A nonprofit friends group for the Chattahoochee River National Recreation Area formed relatively recently, in 2012, but its volunteers have already undertaken big projects.
A kids’ fishing pier at Island Ford in Sandy Springs, a comprehensive trail study and a new stairway improving access in the Vickery Creek Unit are a few of the projects by the Chattahoochee National Park Conservancy, said board president Phillip Hodges.
“The National Park Service would like for all national park units to have a friends’ group,” Hodges said, and Conservancy fills that role.
The Chattahoochee River National Recreation Area (NRA) has a big economic impact on the nearby communities, including Sandy Springs and Dunwoody. The more than 3.4 million visitors to the park spent $152 million in those communities. That supported 2,160 jobs and created a cumulative benefit of $213 million to the local economy, a recently released National Park Service report said.
“National parks are a vital part of our nation’s economy, especially for park gateway communities, such as those along the Chattahoochee River, where millions of park visitors enjoy outdoor recreation opportunities each year,” said Acting Superintendent Ann Honious.
In addition to its park project work, the Conservancy has presented education programs.
“More recently we have helped with some park infrastructure improvements such as the new stairway across the covered bridge in the Vickery Creek Unit in Roswell. That was a big project,” Hodges said. “We have recently replaced the kids’ fishing pier in the Island Ford Unit where the headquarters is.”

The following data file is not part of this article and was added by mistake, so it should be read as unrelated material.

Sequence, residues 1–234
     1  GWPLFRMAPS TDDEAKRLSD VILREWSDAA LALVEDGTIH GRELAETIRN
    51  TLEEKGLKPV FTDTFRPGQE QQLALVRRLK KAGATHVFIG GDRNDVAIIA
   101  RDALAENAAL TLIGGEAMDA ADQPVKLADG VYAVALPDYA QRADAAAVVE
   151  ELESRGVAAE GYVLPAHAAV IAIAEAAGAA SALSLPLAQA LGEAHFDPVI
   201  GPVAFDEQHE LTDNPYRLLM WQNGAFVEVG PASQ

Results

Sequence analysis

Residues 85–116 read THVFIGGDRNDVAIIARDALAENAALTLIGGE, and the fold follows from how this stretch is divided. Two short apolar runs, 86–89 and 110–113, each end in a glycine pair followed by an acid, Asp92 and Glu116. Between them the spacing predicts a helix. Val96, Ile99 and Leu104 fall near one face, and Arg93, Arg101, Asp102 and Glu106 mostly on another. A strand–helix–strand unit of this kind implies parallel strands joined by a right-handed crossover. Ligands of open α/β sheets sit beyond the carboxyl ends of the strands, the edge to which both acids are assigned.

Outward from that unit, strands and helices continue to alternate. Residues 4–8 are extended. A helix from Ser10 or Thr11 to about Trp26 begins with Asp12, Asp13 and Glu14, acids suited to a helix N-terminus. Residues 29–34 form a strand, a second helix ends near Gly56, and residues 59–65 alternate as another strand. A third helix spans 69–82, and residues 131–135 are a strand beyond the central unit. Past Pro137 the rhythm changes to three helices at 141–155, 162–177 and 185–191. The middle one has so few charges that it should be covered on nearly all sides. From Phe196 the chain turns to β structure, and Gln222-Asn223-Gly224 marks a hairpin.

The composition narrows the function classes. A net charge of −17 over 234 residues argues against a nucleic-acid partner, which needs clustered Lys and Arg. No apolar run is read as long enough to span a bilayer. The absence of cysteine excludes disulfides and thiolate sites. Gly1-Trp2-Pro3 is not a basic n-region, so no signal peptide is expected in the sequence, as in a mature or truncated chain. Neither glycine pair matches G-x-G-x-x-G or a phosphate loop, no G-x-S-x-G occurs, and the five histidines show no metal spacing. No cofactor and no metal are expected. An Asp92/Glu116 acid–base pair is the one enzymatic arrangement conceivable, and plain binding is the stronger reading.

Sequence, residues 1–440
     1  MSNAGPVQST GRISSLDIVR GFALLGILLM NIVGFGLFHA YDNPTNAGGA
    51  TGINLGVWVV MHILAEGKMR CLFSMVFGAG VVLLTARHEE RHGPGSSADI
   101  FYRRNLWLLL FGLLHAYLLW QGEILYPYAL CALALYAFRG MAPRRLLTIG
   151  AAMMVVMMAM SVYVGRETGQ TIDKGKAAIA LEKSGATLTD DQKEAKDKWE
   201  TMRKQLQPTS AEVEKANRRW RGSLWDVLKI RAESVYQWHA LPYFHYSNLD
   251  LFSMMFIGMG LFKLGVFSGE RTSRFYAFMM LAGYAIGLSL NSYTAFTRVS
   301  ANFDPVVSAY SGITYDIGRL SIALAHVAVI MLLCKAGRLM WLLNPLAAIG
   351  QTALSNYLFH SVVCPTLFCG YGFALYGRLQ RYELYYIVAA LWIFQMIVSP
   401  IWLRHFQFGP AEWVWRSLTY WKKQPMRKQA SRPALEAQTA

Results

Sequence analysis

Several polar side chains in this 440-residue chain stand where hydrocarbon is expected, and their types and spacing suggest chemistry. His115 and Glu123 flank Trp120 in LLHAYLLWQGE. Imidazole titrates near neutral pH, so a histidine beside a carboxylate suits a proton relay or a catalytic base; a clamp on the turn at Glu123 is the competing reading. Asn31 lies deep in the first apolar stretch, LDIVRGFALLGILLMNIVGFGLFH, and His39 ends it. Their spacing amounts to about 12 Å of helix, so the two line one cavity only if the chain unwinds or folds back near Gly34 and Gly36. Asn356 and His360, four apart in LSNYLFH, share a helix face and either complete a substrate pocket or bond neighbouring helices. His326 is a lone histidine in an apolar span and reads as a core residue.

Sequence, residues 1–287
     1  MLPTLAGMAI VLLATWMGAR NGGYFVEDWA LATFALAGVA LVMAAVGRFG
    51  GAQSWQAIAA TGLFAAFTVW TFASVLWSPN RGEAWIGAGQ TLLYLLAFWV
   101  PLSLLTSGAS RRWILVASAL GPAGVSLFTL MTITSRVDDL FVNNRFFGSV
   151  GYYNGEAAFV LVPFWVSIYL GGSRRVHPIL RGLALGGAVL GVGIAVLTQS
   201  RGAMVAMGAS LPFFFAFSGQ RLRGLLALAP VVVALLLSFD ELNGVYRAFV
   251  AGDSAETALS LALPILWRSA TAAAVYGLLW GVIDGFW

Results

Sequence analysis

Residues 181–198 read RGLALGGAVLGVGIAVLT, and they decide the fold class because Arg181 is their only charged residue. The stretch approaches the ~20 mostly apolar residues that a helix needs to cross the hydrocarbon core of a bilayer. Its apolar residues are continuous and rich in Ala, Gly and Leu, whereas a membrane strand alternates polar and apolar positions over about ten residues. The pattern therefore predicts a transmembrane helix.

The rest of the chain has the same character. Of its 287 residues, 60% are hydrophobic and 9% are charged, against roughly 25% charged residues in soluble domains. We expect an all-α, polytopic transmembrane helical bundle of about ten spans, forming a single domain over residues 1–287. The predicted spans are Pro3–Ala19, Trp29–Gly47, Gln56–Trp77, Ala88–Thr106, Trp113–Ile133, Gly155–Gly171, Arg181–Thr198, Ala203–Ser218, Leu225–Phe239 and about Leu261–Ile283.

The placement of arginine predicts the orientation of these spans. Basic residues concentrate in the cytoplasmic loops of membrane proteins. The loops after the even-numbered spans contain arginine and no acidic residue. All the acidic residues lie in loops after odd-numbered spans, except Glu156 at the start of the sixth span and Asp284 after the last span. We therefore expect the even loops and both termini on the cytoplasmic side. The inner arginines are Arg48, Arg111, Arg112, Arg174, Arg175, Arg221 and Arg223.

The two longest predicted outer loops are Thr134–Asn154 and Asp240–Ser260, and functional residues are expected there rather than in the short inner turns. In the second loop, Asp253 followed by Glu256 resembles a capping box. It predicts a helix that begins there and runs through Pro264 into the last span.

The group also funded the park’s first comprehensive trail watch study for the whole park.
“Many of the trails are degraded and they need work. A lot of that work can be done through volunteers, another aspect of the Chattahoochee National Park Conservancy,” Hodges said.
With the National Park Service recently reopening the Chattahoochee River NRA to volunteers amid the pandemic, they will have a chance to get back to work.
“Besides raising money for improvements, replacements or creating something new, the conservancy’s goa is to increase volunteerism, to do things like work on the trials which are well used – some might say overused – and need a lot of attention,” he said.
Current projects for the volunteers include a dog waste campaign, which is a big issue in the park. He said despite what some people think, bagged or unbagged dog waste left on the trails is not a god thing. The rains wash the waste down and into the river, polluting it.
The Conservancy is working to increase the number of dog waste stations and adding “snappy new signage that we hope will help a little bit,” he said.
Another big project is the replacement of the Jones Bridge Unit overlook.
The third project, improving the shared-use trails in the Cochran Shoals subunit, still needs approval from the National Park Service. The shared use trails are the only places within the Chattahoochee River NRA where mountain bikes can be ridden.
The Chattahoochee National Park Conservancy has added some of its own money to what Hodges called a generous grant from REI. The partnership includes Mountain Bike Atlanta, and he was waiting to hear how much that group could contribute before the project’s scope could be completed.
“Out of 80 miles of trials there are only 7 miles where you can legally mountain bike. Those seven miles of trails are worn out,” Hodges said.
The project was tentatively budgeted at $50,000.
“It is great that the trails are open, the parking lots are open. People can get out,” Hodges said. “I can tell you the park service has been very measured and very careful. They are careful about visitor safety and employees’ safety. We do hope people will get out and enjoy the park, but just be smart, safe, and stay six feet apart.”
For more information, see chattahoocheeparks.org.